Bar.: 30:27, air temp. 74°. Fresh northeasterly wind and rough sea. All ships labouring heavily and shipping water.
An attempt was made at 13:55 to increase speed to 7 1/2 knots, but had to be reduced to 7 knots at 16:52, because near ships were straggling. Due to the time lost because of the weather, the Commodore suggested that zig-zagging should be eliminated that night, and the Senior Officer in HMS Folkestone concurred. It was hoped that some of the lost time would be made up in this way, so that they might be able to meet the local escort on time.
A 2 masted schooner was sighted at 20:00 that night.
At 20:30, when in 40 00N 19 00W, course was altered to 354°, 7 knots. Fresh wind and rough sea with heavy northeasterly swell.
Wind and sea increased in force and height during the night leading up to Aug. 17, the sea being very heavy at daylight.
At 09:40 Empire Tern hoisted a signal saying her steering gear was disabled and she was obliged to stop engines, adding that damage could be repaired in two hours; by 11:00 she was out of sight.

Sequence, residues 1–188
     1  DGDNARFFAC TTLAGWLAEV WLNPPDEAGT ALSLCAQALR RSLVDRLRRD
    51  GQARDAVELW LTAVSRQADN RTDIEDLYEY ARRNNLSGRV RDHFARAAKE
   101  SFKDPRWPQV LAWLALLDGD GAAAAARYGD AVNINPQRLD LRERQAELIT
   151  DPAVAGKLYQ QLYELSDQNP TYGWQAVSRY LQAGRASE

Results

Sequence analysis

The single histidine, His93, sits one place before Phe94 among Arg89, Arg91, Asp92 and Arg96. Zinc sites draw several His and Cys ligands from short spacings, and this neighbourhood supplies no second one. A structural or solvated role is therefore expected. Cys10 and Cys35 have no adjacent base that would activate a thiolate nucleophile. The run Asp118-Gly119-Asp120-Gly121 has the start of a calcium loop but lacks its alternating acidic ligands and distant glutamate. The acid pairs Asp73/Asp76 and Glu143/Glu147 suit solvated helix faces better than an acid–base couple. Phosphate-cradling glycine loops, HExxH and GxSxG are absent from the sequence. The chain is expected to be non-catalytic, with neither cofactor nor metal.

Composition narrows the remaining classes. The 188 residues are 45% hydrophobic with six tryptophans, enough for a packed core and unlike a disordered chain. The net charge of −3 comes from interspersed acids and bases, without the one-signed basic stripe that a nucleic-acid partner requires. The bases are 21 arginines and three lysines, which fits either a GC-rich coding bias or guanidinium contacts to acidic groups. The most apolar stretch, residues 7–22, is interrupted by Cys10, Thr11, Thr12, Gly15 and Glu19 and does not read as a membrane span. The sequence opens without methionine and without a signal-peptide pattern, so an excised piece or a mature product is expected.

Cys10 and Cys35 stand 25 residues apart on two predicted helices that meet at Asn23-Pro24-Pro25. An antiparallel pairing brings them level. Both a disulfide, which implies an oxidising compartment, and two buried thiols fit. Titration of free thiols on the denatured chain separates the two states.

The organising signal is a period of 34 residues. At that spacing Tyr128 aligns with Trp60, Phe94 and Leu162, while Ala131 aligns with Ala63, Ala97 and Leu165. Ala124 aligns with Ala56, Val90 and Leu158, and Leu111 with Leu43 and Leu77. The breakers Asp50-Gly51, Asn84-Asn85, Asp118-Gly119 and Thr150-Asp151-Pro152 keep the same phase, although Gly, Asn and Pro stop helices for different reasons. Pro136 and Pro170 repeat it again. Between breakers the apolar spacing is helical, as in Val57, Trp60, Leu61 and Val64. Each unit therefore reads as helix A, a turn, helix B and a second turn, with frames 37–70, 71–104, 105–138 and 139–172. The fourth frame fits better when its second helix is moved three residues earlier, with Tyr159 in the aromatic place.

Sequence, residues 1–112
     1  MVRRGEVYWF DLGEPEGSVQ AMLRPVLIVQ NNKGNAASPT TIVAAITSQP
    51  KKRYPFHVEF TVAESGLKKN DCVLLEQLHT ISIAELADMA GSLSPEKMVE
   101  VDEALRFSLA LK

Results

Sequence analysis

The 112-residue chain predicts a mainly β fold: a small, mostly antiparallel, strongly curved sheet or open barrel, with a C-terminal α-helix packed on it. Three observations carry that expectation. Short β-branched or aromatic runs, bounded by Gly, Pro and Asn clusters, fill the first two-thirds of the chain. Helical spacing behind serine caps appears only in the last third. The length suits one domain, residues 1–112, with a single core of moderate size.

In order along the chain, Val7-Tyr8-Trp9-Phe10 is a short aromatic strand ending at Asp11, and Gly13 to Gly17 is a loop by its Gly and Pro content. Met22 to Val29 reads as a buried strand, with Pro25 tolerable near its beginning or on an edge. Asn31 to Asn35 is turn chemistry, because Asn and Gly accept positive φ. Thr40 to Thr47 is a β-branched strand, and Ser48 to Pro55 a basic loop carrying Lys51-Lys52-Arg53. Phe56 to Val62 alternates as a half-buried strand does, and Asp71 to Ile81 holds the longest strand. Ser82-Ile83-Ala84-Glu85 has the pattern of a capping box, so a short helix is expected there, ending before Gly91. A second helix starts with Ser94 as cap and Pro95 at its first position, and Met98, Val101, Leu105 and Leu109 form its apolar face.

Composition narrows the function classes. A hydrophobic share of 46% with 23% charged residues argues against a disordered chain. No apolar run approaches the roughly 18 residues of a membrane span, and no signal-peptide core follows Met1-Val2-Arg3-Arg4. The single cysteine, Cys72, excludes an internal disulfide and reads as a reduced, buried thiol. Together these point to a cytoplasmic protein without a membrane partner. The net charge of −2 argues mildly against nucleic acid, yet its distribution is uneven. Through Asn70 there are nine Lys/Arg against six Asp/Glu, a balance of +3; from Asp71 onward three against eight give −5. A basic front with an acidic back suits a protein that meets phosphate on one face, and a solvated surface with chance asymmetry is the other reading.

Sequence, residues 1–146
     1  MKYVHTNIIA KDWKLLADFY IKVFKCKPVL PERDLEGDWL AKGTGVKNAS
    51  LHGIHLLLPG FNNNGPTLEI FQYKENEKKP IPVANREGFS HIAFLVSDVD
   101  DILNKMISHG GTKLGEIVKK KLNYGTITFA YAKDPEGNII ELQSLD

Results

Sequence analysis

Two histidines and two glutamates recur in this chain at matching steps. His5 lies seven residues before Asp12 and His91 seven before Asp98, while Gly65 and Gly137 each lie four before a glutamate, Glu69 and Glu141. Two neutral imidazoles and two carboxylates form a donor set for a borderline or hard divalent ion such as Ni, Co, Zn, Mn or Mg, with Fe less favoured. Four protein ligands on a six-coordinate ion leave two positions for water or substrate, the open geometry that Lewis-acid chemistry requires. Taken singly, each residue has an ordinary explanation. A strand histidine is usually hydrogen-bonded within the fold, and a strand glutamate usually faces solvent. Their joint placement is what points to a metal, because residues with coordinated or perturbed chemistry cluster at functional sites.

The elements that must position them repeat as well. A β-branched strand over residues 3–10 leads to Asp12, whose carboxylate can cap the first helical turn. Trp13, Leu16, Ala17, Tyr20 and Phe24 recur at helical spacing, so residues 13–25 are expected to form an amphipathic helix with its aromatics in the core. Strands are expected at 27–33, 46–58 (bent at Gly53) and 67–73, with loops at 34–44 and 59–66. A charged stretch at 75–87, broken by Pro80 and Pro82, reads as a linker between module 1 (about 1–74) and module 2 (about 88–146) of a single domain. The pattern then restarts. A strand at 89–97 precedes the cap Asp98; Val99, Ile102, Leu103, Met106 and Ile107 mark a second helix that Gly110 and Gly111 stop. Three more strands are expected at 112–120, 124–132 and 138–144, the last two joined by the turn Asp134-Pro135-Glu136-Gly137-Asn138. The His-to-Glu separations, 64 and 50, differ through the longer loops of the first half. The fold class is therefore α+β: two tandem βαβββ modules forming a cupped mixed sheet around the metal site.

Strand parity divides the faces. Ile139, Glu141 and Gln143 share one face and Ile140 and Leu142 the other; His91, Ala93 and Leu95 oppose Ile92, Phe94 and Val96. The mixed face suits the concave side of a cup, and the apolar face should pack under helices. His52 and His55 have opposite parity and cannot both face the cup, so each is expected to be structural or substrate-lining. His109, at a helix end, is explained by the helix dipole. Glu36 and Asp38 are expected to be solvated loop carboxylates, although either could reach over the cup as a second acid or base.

Noon position: 41 36N 19 17W.
Distance: 155 miles.
Average speed: 6.45 knots.
Bar.: 30.35, air temp. 72°, wind force 6. Rough sea and steep swell.
Many of the ships were deeply laden with ore cargoes and had a hard time. The Polish Wilno frequently fell astern. The weather continued to be wild and threatening and the Commodore again signalled Folkstone that they should cease zig-zagging at dark, which they did at 21:45.
The weather improved somewhat during the night leading up to Aug. 18, though there was still a fresh northeasterly wind and rough sea.
Zig-zagging resumed at 06:30, and at daylight Empire Tern was spotted on the horizon astern, rapidly coming up. However, Mansuria was now well astern, having gradually dropped behind during the last 24 hours. The sky was heavily clouded, wind fresh, but sea moderating later that morning.
Noon position: 44 16N 19 32W.
Distance: 161 miles.
Average speed: 6.7 knots.
Bar.: 30.44, air temp. 72°, Wind N.E. 5. Sky overcast, sea moderate to rough.
Empire Tern was back in station by 12:50 that day, as leader of column 3.
During the night leading up to Aug. 19 the wind had fallen away and the sea and swell had died down. With the exception of Mansuria and Wilno, the ships were in good formation at daybreak.